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2. Complexity

For most of us the 21st Century seems to be moving at an accelerated pace, like or not. Steve Jobs at Apple gave us an amazing advance in technology, introducing us to the real “smart phone” in 2007. The iPhone could operate on the internet just like your computer as the internet accommodated connections with 3g speed. Now fast, global communications are a whirlwind and have begun to eclipse traditional methods of exchanging ideas, information, and even commerce (e.g., Amazon, am I right?).

When you consider the shift in technology just in the last 15 years, it must be apparent that information is the “coin of the realm” today. We are engaged in seeking the most important and the most insignificant information about everything...instantly. In your hand you have the capacity to converse by text, picture, video, voice, and email with practically anyone on the planet. You have access to family, education, investing, banking, recreation, instantly in either 144 characters (Twitter) or lengthy papers in Adobe (email or Dropbox), video of all kinds (YouTube), and a host of other your purse or pocket. Just what do you think money managers and financial industry folks are doing with this available capacity?

Truth is advances in technological capacity continue unabated in portfolio management today as we slip into a new generation. We are embarking into uncharted territory in the investing landscape. New aspects of communications are driving data gathering, probability decisions, and results. Imagine having the power to ask a computer a question, it goes out to the world and collects all that data, then places it back in your hands. Oh, right! Your can do that with your smart phone already.

Think about it this way. What if you are a money manager? You have a theory of what is likely to happen in the investing world! What if you could ask for all the data (historic, new, worldwide) about your topic, precisely sorted around more penetrating questions that you design... and instantly you get the outcome probability about your theory? But wait, what if you could command the computer system to continually update the outcome based on concurrent, continuing data streaming into the system? Today all that is available and is increasingly used by the financial industry. It comes under the name of Artificial Intelligence and Deep Learning (i.e., Machine Learning).

Here is a broad representation of common feelings about this concept in the financial services industry:

“We’re in a Digital 2.0 era where people expect access to information and support anytime and anywhere through any device.   If you want a tax statement in the middle of the night, for example, you’ll expect to be able to ask Alexa to get that for you.” (Sankaran, V. Chief Investment Officer TD Ameritrade, 2018)

“In a steady bull market investors may feel more comfortable relying solely on technology, but when volatility strikes or the market dips and questions become more complex, people like to know there is a person to turn to,” says Peter deSilva, TD Ameritrade, President of Retail.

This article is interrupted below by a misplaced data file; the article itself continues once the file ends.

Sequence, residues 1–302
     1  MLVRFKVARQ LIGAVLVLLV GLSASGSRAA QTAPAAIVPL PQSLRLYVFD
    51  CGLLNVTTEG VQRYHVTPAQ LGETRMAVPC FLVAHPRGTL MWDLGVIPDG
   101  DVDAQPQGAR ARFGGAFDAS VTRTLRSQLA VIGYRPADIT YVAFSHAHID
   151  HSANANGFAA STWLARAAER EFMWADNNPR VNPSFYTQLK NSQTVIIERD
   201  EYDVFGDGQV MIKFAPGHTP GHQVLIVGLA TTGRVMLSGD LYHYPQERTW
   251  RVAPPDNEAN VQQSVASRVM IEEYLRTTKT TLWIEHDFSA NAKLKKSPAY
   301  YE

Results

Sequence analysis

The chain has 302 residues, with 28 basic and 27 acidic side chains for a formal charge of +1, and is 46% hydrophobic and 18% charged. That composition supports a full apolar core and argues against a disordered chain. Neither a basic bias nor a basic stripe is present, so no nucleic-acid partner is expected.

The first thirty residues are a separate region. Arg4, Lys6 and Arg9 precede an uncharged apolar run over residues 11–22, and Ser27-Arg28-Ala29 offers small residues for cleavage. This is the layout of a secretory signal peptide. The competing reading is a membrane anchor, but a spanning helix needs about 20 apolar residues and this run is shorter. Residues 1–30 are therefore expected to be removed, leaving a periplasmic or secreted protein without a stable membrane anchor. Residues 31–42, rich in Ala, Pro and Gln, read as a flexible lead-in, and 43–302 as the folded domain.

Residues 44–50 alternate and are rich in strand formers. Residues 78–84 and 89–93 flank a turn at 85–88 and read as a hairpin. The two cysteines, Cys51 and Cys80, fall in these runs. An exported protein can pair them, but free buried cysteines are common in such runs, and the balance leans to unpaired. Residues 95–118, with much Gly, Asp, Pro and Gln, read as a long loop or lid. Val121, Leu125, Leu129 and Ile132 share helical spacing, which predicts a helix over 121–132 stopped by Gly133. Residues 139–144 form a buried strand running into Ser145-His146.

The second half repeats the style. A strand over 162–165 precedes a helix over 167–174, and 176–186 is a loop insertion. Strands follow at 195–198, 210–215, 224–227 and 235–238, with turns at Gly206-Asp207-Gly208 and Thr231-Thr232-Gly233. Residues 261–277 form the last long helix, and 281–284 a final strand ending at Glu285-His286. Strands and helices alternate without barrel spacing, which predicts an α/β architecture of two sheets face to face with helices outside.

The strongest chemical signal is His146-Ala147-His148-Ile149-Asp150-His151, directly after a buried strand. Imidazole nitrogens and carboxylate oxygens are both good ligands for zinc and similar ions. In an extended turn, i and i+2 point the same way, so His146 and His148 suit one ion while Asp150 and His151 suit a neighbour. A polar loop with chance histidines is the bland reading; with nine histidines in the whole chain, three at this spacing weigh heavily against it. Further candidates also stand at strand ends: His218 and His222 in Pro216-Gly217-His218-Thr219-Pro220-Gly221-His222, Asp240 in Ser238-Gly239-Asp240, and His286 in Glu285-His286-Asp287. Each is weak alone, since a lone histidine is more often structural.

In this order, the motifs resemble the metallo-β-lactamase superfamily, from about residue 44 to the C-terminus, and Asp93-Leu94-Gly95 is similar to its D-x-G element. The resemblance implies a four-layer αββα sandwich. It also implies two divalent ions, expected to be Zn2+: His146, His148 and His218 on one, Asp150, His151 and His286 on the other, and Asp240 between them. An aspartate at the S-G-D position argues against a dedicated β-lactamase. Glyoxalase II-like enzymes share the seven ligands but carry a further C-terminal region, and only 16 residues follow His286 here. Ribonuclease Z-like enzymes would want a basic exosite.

“But it’s clear that consumers will take risks willingly if the experience adds value and saves them time.” TD Ameritrade President/CEO Tim Hockey (2018)

The question is, “who are they talking about?” You!

Essentially the advances in technology are just as likely to create portfolios that are largely homogenized (they all look alike) competitively. Truth is that managers have long sought to “beat the indexes” only to be inconsistent and disappointed. If all these professionals now have the breadth of technological support systems and can scan for data, peering probabilistically into the future, what could be the outcome? A logical conclusion is that only increasing volatility and velocity in markets will be the result.

Combine this communications availability with complexities relating to a world adjusting to global trade, transportation, politics, trust, diversity, and cultural aspects. In fact, when tweaking the view to more current health, economic, political, and social conditions, there is little debate about the affect these topics have on investing. Healthcare field is scrambling to contain and find treatments for a pandemic, governments can close entire economies globally, political rancor bridles progress, interest rate lows stymie retirement income, businesses and institutions alter methods and structures dramatically, nationalism reshaping global trade, all finding their way into investment decisions and actions.  Connectivity can breed prosperity or controversy, cooperation or contention, certitude or mistrust. As institutions game the investment markets, how do you find a slice of success to reach your goals?

Do not think for one minute, however, that you are powerless in this investing game.

Consider Time, the most important asset.

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[1] Ferguson, W. G. (2020). Stock Market Today: March 23, 2020.  Value Line:,_2020.aspx#.Xv9HNyhKiw4
[2], March 9, 2020
[3], February 8, 2018
[4], October 10, 2018
[5], December 25, 2018
MarketWatch (2020) Data retrieved:,  July 2, 2020.
deSilva, Peter, TD Ameritrade, President of Retail.
Engen, E. M. & Lehnerth A. (2000). Mutual Funds and the U.S. Equity Markets. Federal Reserve Bulletin: Retrieved from
Hockey, Tim (2018. (2018) The Tech Effect: How the Digital Age Is Changing Investing. Note, President/CEO Tim Hockey of TD Ameritrade.
 Rudden, J. (2020). Share of households owning mutual funds in the U.S. 1980-2019 Statista.